Permanent (2017) Full Movie Online Free
Movie Genres: Comedy
Movie Language Is: English
Movie Quality Is: HD 720p
Director Is: Colette Burson
Writer: Colette Burson
Movie Cast Is: Patricia Arquette, Rainn Wilson, Kira McLean
It’s 1982, and the Dicksons (Jim, Jeanne, and Aurelie) move (are the new-comers) to a southern town where all the girls long for Farrah Fawcett-type curls (to match their back-woods accents/ and love to talk hair./ and obsess over their hair.) Pre-teen AURELIE begs her parents for a permanent, (known outside the south as a perm) hoping for life-changing curly waves but when they take her to a Beauty School instead of a salon to save money, disaster ensues. A bored Student-Beautician accidentally sets the timer for too long, and the perm ends up destroying Aurelie’s already low-grade social life as well as her hair follicles. Aurelie is left as a gawky yet endearing young teenager trying to navigate junior high with what some kids call an afro, then throw things at her, from epithets to dodgeballs.
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Seen at the 2017 Twin Cities Film Festival, Permanent is a funny, charming movie about a family feeling uncomfortable as they start in a new town, based on the director’s real-life experiences. Kira McLean is amazing, and Rainn Wilson and Patricia Arquette play off each other very well! Touches on racism.
I find myself wishing that this film could be seen nationally by all my friends, and again in the Twin Cities theaters. Also, I would like to see a toll-free number/contact added for assistance if someone is being bullied.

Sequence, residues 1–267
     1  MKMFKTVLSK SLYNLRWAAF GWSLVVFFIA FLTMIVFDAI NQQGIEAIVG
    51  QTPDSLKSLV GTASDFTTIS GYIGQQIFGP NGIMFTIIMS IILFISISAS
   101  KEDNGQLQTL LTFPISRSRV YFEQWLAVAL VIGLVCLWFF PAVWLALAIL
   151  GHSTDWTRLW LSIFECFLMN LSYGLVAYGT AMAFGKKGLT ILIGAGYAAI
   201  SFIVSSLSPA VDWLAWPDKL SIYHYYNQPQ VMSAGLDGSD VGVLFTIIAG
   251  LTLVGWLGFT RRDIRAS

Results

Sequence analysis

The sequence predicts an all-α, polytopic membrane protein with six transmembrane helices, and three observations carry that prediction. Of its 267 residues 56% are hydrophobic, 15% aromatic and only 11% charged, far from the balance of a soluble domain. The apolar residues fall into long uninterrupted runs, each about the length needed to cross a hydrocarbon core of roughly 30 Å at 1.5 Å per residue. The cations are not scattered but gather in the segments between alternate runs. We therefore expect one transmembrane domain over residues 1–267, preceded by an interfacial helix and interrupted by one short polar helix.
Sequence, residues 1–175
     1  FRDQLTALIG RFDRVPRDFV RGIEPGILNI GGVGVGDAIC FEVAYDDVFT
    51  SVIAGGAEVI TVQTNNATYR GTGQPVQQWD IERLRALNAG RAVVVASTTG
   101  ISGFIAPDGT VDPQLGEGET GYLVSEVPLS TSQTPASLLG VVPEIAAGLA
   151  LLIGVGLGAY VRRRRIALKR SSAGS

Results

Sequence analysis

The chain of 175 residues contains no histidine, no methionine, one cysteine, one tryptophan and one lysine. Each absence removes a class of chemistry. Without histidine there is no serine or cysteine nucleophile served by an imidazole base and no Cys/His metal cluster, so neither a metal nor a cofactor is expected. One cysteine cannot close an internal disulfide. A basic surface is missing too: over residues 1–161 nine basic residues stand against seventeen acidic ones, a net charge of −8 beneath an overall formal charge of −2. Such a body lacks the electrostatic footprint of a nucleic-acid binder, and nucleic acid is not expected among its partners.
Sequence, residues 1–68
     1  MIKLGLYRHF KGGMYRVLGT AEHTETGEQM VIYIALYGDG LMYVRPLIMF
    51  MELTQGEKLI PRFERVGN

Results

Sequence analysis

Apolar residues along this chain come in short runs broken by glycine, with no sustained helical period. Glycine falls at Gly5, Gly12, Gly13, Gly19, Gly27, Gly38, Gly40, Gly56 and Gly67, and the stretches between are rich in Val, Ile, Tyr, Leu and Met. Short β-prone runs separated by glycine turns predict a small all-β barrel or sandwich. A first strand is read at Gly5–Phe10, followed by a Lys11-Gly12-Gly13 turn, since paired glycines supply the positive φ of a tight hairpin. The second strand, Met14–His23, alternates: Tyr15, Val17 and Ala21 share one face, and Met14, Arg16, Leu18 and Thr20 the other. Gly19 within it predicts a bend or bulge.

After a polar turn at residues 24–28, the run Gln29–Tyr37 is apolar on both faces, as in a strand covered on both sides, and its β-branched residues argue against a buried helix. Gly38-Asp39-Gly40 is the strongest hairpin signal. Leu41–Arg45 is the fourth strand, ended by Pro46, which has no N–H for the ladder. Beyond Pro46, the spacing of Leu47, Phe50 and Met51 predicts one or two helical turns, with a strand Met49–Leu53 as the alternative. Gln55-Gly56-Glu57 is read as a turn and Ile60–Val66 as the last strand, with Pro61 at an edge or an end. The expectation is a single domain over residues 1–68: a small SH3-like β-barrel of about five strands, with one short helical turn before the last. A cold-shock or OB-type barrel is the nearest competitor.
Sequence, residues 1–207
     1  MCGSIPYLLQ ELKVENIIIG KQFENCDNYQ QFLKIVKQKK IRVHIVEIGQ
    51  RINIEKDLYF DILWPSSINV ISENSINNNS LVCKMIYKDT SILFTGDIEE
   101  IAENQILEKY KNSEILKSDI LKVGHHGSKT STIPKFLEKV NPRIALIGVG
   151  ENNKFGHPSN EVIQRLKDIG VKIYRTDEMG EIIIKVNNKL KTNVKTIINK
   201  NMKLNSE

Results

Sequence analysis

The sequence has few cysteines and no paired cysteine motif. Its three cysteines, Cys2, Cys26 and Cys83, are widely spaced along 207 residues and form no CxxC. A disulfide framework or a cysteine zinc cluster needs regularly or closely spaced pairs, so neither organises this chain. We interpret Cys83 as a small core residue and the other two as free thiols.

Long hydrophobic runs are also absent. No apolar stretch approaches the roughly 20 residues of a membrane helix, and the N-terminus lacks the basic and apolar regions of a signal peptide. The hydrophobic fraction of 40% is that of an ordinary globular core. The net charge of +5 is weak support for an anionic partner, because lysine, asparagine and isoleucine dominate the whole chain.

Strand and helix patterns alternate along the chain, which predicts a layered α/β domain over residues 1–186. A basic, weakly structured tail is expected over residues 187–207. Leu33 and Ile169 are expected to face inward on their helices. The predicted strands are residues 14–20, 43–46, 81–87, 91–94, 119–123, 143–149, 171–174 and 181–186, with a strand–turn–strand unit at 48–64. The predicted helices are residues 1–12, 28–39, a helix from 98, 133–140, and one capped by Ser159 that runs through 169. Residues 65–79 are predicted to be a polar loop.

Such a fun movie! Reminded me of Little Miss Sunshine! Loved seeing Rainn Wilson as a family man, especially alongside Patricia Arquette (who I loved in Boyhood). Cool to see him flex his comedy muscles in a different way after such a great run as Dwight on The Office. Can’t wait to take my niece — even though it’s set in the ’80s, I’m sure she’ll relate! So funny
Permanent, the new film by writer/director Colette Burson, opens with the ineffable sound-language of sea mammals; whales, dolphins. And the mysteries of communication and connectivity those beyond our ken as mere human beings – preoccupy the narrative here too. For all of its gratifications (and packaging) as a comedy, this is also a lovely, brave, and even necessary film. A film about not just the awkwardness of adolescence, but the persistent awkwardness of adulthood and the hinge points between frustration and love that bind together the middle class American family. One that examines, at its core, not the more trammeled ground of disaffected sons and their brittle mothers or taciturn fathers, nor even the subterranean love/hate competitions of mothers and daughters themselves, but instead the under-examined everyday of a father/daughter interconnection.
This might be unsurprising given the source of the material, Burson, who created the gender role subverting Hung television series for HBO. But what ennobles this material, beyond the too-infrequent instance of a perspective from a woman writer/director, is the particularity of its vision and tone. This is a film that obeys its own rules, even creates them. She’s working in the idiosyncratic landscape that’s been the rubric of a Wes Anderson or a Todd Solondz. but with what turns out to be a refreshing and reanimating optimism.
It helps that the father in question, Jim, is played by Rainn Wilson, the actor who played the punctilious and corporate-climbing Dwight Schrute on TV’s The Office. Wilson’s Jim is similarly self- deluding and ceremonious, but considerably more vulnerable and, in the end, redeemable. The role gives Wilson a chance to show capacities he could not as pontificating Dwight. Burson gives Wilson his share of wordless moments here silences that he handles with assurance of a Bill Murray but in a way that’s strictly his own. His Jim is a man who’s hard to fathom but, for us in the end, possible to love.